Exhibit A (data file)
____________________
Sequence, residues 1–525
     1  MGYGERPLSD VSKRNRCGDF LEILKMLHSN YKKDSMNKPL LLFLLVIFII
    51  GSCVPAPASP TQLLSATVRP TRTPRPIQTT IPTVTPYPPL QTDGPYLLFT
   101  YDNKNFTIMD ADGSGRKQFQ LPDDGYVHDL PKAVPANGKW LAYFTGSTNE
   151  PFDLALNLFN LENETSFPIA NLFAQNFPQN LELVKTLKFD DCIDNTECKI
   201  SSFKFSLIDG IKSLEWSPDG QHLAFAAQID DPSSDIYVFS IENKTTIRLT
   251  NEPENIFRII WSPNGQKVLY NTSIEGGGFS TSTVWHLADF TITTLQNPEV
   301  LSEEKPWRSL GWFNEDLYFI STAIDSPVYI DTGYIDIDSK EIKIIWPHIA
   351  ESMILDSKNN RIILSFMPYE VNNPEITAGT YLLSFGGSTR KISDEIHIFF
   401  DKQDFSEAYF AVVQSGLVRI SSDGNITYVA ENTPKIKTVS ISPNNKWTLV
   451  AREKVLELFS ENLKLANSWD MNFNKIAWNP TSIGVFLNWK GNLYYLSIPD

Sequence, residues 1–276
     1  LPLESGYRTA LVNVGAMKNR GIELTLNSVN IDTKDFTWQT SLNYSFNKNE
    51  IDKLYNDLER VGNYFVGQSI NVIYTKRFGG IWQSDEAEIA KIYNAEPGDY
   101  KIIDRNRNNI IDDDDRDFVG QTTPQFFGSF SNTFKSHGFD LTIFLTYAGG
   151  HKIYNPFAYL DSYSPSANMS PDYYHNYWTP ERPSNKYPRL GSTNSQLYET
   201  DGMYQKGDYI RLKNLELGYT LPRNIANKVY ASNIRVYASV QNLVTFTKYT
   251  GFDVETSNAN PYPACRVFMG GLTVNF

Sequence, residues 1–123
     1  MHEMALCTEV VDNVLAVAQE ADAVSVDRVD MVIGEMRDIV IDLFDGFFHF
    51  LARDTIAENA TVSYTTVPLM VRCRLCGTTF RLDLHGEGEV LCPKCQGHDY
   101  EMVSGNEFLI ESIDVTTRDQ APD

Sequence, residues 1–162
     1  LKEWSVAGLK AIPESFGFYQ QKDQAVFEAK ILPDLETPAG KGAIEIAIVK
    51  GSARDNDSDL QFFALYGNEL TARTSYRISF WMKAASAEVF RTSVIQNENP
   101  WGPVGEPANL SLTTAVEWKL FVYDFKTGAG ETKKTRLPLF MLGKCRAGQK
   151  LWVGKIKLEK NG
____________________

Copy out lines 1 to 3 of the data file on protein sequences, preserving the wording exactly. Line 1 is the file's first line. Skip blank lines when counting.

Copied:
Sequence, residues 1–525
     1  MGYGERPLSD VSKRNRCGDF LEILKMLHSN YKKDSMNKPL LLFLLVIFII
    51  GSCVPAPASP TQLLSATVRP TRTPRPIQTT IPTVTPYPPL QTDGPYLLFT